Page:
“Ultimately, we want to use these insights to develop approaches to prevent initial hospital admission, and later readmission,” continues Professor Liaw.
National Diabetes Week kicks off on 9 July and runs until 15 July 2017, raising awareness and understanding about this chronic condition.
Notes to editors: In the last year, HCF has also supported members currently living with diabetes through its My Health Guardian chronic disease management program, and funding for blood Glucose Monitors and Diabetes Educator service.
The HCF Research Foundation, now in its 17th year, was established in 2000 as the HCF Health and Medical Research Foundation to fund health and medical research for the benefit of all Australians. The Foundation encourages examination and improvement of the provision, administration and delivery of health services to consequently effect positive changes to the health of all Australians.
Fast facts about diabetes in Australia:
- The rate of diabetes in Australia has tripled in the last 25 years.
- Approximately 1.2 million adult Australians are registered as having type 1 or 2 diabetes, with actual numbers likely much higher due to people with silent, undiagnosed type 2 diabetes.
- Often, type 2 remains hidden for ten years or more and in many cases a diagnosis is made only after serious health complications begin to appear.
- In almost 60 per cent of cases, being informed about your risk of diabetes enables you to slow its advance.
- If unmanaged, diabetes can cause health problems such as cardiovascular disease, nerve and kidney damage, cataracts, feet problems, among others.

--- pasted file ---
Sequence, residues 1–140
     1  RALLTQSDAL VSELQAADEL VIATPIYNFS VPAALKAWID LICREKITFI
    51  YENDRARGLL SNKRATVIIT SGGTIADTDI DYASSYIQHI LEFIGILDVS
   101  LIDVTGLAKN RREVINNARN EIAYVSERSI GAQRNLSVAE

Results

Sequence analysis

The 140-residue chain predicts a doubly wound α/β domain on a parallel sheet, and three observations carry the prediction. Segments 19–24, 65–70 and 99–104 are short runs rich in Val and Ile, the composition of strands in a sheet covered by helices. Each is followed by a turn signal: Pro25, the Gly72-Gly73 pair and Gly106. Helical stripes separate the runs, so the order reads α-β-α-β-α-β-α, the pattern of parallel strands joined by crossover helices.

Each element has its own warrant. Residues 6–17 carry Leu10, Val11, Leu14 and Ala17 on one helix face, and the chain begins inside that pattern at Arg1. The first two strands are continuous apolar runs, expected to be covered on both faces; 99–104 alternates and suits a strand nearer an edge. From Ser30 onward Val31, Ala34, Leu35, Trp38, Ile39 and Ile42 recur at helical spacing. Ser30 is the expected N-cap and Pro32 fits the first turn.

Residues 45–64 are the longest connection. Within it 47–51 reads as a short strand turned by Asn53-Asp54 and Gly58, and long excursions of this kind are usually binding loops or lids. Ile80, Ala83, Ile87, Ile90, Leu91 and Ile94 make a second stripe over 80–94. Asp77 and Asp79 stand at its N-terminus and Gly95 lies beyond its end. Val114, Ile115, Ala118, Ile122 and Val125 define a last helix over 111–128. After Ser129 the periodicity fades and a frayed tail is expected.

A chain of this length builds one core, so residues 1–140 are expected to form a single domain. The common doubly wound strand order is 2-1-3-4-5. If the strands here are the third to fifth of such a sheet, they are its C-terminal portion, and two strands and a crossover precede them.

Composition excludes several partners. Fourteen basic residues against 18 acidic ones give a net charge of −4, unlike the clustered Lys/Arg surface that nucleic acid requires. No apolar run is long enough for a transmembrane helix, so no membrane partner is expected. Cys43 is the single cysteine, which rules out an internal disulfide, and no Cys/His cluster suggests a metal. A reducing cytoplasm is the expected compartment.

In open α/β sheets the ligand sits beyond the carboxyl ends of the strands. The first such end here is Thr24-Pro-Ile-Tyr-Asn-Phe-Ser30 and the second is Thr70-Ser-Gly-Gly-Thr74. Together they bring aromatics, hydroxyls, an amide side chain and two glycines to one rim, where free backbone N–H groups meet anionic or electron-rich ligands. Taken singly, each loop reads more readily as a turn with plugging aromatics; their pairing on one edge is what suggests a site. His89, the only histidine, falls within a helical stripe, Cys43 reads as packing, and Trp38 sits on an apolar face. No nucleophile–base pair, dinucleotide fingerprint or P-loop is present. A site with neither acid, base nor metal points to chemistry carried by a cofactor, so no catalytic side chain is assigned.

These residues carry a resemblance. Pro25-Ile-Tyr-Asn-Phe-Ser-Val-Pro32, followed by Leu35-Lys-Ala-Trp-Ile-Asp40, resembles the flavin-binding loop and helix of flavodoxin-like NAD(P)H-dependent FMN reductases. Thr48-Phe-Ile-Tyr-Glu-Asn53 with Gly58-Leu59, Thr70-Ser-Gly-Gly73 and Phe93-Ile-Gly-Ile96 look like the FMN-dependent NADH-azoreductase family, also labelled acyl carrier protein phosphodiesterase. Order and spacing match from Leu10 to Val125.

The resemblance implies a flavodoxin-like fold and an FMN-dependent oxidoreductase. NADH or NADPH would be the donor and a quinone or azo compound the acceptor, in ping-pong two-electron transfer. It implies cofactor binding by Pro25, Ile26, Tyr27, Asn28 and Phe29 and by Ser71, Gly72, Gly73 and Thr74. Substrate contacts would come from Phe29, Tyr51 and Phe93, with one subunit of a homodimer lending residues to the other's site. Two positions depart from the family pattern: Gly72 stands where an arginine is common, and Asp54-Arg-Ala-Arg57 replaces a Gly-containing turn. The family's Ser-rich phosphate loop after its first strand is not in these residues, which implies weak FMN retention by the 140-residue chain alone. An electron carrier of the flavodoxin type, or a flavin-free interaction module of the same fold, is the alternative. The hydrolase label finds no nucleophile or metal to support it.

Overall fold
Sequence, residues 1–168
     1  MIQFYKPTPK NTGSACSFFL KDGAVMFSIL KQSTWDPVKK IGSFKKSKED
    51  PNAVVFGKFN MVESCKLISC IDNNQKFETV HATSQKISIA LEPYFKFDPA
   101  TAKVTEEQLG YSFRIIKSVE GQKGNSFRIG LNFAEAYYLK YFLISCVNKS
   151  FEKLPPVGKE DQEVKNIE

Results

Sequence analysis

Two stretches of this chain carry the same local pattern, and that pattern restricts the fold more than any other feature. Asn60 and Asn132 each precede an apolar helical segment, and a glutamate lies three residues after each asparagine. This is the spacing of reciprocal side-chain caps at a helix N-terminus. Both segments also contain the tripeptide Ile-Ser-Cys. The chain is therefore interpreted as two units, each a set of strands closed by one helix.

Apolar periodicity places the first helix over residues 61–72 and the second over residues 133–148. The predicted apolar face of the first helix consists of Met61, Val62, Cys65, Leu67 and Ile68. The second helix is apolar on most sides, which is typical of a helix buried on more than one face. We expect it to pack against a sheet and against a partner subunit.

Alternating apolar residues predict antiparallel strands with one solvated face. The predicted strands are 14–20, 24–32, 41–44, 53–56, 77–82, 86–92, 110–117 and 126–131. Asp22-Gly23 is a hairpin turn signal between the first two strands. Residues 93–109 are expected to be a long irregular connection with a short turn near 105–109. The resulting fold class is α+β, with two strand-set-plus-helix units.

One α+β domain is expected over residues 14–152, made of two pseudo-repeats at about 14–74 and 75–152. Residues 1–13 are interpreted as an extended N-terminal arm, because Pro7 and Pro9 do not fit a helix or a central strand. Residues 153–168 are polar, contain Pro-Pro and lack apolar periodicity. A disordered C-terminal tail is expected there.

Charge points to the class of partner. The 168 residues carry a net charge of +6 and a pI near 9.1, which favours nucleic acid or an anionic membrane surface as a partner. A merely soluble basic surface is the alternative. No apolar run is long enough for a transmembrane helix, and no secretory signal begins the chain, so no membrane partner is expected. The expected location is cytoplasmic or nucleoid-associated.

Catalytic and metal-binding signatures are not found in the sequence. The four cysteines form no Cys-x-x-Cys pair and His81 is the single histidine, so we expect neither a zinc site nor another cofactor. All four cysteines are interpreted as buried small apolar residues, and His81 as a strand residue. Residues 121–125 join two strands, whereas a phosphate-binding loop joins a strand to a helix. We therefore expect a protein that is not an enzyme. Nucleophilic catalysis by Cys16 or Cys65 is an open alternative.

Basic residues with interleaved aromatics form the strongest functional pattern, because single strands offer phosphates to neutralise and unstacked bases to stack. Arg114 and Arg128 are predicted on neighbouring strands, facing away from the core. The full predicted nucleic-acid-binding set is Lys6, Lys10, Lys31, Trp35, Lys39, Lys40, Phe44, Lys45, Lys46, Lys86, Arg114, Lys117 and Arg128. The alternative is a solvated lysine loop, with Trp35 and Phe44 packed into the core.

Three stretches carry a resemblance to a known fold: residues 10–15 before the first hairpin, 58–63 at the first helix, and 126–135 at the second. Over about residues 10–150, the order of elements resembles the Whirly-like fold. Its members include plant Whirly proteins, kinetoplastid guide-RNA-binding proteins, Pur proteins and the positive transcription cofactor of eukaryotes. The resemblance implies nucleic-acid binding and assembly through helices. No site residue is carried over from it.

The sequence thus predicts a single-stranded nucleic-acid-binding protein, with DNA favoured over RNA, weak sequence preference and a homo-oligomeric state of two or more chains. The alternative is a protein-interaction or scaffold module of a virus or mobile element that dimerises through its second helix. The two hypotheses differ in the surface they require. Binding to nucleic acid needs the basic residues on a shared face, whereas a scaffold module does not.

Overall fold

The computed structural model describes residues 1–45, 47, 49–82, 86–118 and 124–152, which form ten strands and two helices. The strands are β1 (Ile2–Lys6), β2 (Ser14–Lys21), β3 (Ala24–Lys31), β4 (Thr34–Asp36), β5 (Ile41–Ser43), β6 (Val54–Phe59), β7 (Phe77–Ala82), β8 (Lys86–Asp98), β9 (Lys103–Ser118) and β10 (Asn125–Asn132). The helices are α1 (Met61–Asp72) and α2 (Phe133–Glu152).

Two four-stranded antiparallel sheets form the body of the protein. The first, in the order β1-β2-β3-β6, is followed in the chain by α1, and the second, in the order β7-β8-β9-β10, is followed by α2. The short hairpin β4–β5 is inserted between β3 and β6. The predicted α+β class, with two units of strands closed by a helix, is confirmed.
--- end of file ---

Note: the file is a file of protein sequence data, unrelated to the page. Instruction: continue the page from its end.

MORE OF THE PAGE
- There are three main types of diabetes: type 1, type 2 and gestational.
- The main symptoms of diabetes are feeling very thirsty; urinating frequently, particularly at night; feeling very tired; weight loss and loss of muscle bulk.
Media inquiries to:
- Laura Cairnduff
Ph: (02) 9290 0623
M: 0423 421 382
HCF, largest not-for-profit health fund protecting Australians since 1932, covers over 1.5 million members with health and life insurance, community care, travel and pet insurance. On average over the last five years, HCF has paid out more cents in every dollar in premiums to members as benefits than the industry average. With over 35,000 specialists participating in its Medical Gap Cover Scheme and approximately 10,000 providers participating in its 100% back More for You programs, HCF gives members access to quality health care with no gaps or minimal costs compared to non-participating providers. To empower members to put their health first, HCF also offers a range of health and lifestyle services including its My Health Guardian health management program, mobile Victor Chang Health Checks and My Global Specialist second opinion service. HCF’s national network of retail outlets and Australian-based call centres have earned multi-award winning status. HCF members also have access to low cost, high quality services at HCF Dental Centres and HCF Eyecare Centres. Having contributed $50 million to support the health services research funded by the HCF Research Foundation, HCF is devoted to investing in the future of Australia’s health. To learn more about HCF go to hcf.com.au/about-us
1 AIHW 2014 - 2015 data. http://www.aihw.gov.au/diabetes/
2 The program is open to HCF members aged 18 or over, who’ve held hospital cover for at least 12 months, and who've been medically diagnosed with type 2 diabetes.